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Outward Ritual Inward Rot
© 02.24.20 D. Eric Williams

This article appeared in the February 27 edition of the Cottonwood Chronicle
It is common, when considering the story of Cain and Abel, to think Abel's offering to God was acceptable because it was a blood sacrifice while Cain's bloodless vegetable offering was unacceptable. However, the term used to define the offerings of both men is minchah a Hebrew word meaning gift or tribute. The same word describes the grain offerings of the Moasic dispensation listed in Leviticus 2:3-11. Nothing in the text suggests Cain's offering was rejected because the gift itself was inappropriate. Moreover, Abel's offering is not described as a shedding of blood but a tribute of the best he had from the flock. As far as the offerings are concerned, they were both acceptable. Thus, neither offering was deficient; the problem lay with one of the men giving the gift.

The Bible says when God did not have regard for Cain and his offering, Cain did not show repentance and contrition, but anger and depression (Genesis 4:5). Indeed, God said Cain's offering was rejected because he did not do what was right. Again, the "rightness" of Cain's behavior was not about the nature of the offering. Instead, it was about his failure to overcome sin in his life. As we read in Genesis 4:7, God told Cain, if you do what is appropriate, you'll be accepted, won't you? But if you don't do what is appropriate, sin is crouching near your doorway, turning toward you. However, you must take dominion over it. This warning was pertinent before Cain made his offering; it was a statement concerning his long observed character. As the story unfolds, it becomes clear Cain did not overcome sin. Rather, Cain was mastered by his sinful nature and nursed his rage and despondency to the point of murder. His sacrifice was unacceptable because his was in rebellion toward God not because it was the wrong kind of sacrifice.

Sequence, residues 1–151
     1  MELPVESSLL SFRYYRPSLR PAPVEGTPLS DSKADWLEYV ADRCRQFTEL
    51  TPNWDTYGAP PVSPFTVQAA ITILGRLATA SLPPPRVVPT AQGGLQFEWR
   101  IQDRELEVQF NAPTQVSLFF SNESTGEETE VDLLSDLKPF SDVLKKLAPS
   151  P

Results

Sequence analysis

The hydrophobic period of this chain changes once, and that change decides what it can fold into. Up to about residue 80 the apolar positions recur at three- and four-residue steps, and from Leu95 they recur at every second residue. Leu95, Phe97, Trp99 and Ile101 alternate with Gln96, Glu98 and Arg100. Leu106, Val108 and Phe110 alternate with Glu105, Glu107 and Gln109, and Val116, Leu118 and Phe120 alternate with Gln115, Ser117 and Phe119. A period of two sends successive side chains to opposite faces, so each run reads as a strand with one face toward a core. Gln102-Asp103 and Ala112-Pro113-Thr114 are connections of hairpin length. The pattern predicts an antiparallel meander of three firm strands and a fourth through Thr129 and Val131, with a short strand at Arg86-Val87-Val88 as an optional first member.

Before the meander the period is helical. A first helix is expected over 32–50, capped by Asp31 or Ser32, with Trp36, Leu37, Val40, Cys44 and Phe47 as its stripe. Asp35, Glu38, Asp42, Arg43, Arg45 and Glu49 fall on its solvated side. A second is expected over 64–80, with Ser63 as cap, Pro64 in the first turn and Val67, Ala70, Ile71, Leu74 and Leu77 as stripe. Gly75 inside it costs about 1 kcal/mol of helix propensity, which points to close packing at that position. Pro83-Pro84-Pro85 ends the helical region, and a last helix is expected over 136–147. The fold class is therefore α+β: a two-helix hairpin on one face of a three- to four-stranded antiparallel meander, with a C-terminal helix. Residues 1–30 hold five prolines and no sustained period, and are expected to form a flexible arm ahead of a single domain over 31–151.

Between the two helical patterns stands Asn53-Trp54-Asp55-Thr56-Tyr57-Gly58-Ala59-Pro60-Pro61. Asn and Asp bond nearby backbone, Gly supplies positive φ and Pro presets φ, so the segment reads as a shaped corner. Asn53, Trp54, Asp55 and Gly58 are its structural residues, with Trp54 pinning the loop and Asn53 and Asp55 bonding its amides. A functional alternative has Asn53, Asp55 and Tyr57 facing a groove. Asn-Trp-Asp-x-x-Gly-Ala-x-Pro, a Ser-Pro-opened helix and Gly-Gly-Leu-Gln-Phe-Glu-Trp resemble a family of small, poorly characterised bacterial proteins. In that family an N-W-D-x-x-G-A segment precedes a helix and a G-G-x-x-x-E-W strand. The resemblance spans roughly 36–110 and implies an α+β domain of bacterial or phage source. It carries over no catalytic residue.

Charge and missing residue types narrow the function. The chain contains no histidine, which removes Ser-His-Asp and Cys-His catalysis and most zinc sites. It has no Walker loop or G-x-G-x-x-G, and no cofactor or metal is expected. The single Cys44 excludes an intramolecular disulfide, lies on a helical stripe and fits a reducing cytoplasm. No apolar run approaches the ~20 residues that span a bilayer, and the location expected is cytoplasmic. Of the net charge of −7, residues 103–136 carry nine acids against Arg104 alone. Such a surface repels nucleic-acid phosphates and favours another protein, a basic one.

One theme consistent throughout the Bible is God's preference for true piety over empty ritual. As Samuel told Saul when he disobeyed concerning his treatment of the Amalekites, Has the LORD as great delight in burnt offerings and sacrifices, as in obeying the voice of the LORD? Behold, to obey is better than sacrifice, and to heed than the fat of rams (1 Samuel:15:22). The prophet Micah told the post exilic Jews that animal sacrifice was of secondary importance to godliness. For, He has shown you, O man, what is good; And what does the LORD require of you But to do justly, To love mercy, And to walk humbly with your God? (Micah 6:8). This is much the same sentiment expressed to the Northern kingdom by Hosea generations earlier: For I desire mercy and not sacrifice, and the knowledge of God more than burnt offerings (Hosea 6:6). Jesus quoted Hosea when reaffirming God's preference for true piety over religiously (Matthew 9:13, 12:7).

Now, none of this means it's okay to ignore the outward acts of religion as long as your "heart is right." When condemning the scribes and Pharisees for their hypocrisy, Jesus made it clear that love for God is expressed in love for others and a love for God's law; Woe to you, scribes and Pharisees, hypocrites! For you pay tithe of mint and anise and cummin, and have neglected the weightier matters of the law: justice and mercy and faith. These you ought to have done, without leaving the others undone (Matthew 23:23). Do you see how that works? Be sure to exercise godliness in justice mercy and faith even while you do the "ritualistic" works of worship. They are both important.

In short, don't be like Cain. Don't think outward ritual will conceal inward rot. Instead, make sure of your inner Christlikeness and reveal the same in mercy - and sacrifice.


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